• The regulatory requirements for every relevant market are regularly monitored (goal: yes)

CEV-SOP: Clinical Evaluation

  • PMCF activities are conducted on time and as planned (goal: yes)
  • Information relevant to the risk-benefit-profile of medical devices is taken into account no later than in the same PMCF cycle in which it was made publicly available (goal: yes)

CHM-SOP: Change Management

  • No nonconformities due to incomplete change documentation or contested change evaluation

CSV-SOP: Computerized System Validation

  • No use of software prior to initial validation (goal: yes)
  • Validation schedule adherence: all (re-)validation activities are completed within the planned schedule (goal: yes)

DPL-SOP: Deployment

  • No deployment without prior integration evaluation (goal: yes)
  • No activation of user access without successful integration validation (goal: yes)
  • No outdated entries in the List of Medical Devices (goal: yes)

DRC-SOP: Document and Record Control

  • No major nonconformities during audits related to this process (goal: zero)

SWD-SOP: Integrated Software Development

(Includes Usability Evaluation and Risk Management)

  • Non-conformities due to incomplete / insufficient risk management (goal: 0)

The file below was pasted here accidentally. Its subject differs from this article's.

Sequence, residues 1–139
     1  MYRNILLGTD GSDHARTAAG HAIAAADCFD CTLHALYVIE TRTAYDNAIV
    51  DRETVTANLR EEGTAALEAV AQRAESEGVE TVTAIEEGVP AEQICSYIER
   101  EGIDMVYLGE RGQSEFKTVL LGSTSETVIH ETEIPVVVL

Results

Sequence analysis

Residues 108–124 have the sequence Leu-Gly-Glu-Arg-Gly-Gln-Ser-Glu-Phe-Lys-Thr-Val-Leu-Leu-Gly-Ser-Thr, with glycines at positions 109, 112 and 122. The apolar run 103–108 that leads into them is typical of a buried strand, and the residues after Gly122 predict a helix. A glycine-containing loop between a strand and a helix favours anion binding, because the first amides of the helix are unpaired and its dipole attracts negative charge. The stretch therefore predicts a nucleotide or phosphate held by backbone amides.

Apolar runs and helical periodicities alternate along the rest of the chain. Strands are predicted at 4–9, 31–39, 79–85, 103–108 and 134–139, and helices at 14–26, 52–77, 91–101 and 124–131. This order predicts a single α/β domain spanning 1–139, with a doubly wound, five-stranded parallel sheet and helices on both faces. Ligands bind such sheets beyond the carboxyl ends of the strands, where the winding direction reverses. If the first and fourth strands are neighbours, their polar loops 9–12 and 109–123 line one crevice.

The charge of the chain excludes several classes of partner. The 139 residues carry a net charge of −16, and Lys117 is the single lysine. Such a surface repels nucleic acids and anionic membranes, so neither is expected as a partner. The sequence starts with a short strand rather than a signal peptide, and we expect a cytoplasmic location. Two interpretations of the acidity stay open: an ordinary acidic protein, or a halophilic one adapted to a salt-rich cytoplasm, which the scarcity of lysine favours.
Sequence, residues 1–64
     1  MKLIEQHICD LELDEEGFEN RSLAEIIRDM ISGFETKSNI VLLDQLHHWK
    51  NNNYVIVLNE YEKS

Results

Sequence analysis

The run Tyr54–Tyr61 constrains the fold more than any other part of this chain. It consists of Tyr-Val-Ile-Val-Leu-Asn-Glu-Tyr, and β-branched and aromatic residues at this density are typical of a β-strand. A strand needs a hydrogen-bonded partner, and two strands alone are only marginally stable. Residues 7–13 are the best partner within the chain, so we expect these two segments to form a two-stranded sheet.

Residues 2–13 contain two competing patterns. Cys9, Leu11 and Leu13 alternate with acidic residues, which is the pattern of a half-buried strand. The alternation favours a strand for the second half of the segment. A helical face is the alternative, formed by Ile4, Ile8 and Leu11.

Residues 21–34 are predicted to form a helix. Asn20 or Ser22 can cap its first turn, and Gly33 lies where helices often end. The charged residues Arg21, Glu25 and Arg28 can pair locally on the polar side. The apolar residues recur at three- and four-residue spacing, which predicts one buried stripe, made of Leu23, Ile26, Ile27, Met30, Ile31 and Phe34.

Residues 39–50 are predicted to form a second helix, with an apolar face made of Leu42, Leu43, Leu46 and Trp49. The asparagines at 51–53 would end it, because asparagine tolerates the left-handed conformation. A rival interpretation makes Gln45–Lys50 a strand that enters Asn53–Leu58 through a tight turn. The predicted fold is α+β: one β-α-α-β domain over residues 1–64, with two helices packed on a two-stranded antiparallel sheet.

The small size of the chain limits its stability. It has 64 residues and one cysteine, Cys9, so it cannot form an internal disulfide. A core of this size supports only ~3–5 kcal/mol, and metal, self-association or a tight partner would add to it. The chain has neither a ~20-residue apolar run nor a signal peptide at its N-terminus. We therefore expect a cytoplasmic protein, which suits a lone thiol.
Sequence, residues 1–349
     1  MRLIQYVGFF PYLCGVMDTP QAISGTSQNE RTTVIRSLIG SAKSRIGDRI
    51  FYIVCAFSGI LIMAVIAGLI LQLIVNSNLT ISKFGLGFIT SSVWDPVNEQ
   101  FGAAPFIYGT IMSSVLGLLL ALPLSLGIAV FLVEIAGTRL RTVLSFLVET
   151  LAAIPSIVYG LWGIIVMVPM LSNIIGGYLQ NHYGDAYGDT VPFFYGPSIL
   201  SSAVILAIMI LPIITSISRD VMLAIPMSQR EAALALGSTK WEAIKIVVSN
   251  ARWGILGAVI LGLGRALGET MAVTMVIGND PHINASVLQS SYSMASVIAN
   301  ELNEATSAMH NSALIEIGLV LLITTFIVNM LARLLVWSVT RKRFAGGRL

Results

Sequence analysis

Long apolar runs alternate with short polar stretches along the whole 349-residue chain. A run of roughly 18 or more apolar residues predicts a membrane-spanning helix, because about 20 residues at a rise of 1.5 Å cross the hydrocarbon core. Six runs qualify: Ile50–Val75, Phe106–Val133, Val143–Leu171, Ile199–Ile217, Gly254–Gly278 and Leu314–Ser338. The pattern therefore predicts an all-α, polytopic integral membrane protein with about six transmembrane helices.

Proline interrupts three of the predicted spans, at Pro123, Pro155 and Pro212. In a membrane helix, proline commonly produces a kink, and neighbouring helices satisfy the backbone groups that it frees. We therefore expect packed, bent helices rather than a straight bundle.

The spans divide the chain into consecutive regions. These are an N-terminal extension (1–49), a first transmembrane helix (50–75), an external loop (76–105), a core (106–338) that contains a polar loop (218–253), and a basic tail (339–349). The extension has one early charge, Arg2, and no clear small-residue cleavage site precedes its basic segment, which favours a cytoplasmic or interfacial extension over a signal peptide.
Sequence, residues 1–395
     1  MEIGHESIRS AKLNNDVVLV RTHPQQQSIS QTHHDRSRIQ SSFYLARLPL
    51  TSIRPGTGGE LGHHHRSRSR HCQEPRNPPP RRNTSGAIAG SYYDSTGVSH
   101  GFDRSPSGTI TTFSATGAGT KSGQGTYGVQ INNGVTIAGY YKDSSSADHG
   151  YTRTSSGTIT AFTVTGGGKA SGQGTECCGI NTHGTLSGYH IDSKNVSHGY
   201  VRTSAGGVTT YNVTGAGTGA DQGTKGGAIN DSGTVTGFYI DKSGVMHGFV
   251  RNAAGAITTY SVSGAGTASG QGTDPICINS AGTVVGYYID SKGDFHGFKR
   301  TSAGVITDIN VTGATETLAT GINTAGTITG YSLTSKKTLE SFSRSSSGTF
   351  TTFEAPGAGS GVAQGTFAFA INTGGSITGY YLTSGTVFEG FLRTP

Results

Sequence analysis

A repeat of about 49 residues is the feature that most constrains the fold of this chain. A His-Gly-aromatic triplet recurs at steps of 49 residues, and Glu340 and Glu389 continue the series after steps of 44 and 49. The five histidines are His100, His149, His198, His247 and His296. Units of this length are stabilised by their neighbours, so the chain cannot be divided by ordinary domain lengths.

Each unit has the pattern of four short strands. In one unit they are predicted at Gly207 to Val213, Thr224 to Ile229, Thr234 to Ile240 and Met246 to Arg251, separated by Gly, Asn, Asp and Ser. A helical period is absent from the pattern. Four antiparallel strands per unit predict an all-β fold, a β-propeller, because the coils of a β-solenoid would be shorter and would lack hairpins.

• Deficiencies discovered during usability testing which require new development work (goal: <3)

FBM-SOP: Feedback Management

  • Short initial response time to feedback (goal: one day)
  • Swift initial action (i.e. initial documentation and classification; goal: 3d)

HRA-SOP: Human Resources Administration

  • All employee training is conducted on time (goal: 100%)

IAU-SOP: Internal Auditing

  • Audit program covers at minimum all applicable paragraphs of ISO 13485 over the course of three years (goal: yes)
  • Audit program is implemented as planned (goal: yes)

MGR-SOP: Management Review

  • Percentage of action items defined in previous management reviews that have been completed (goal: 100%)

PCH-SOP: Purchasing

  • No purchases from critical suppliers for which no supplier evaluation has been conducted yet (goal: 100%)
  • Average response time of suppliers (goal: <=1 work day)

PMS-SOP: Post-Market Surveillance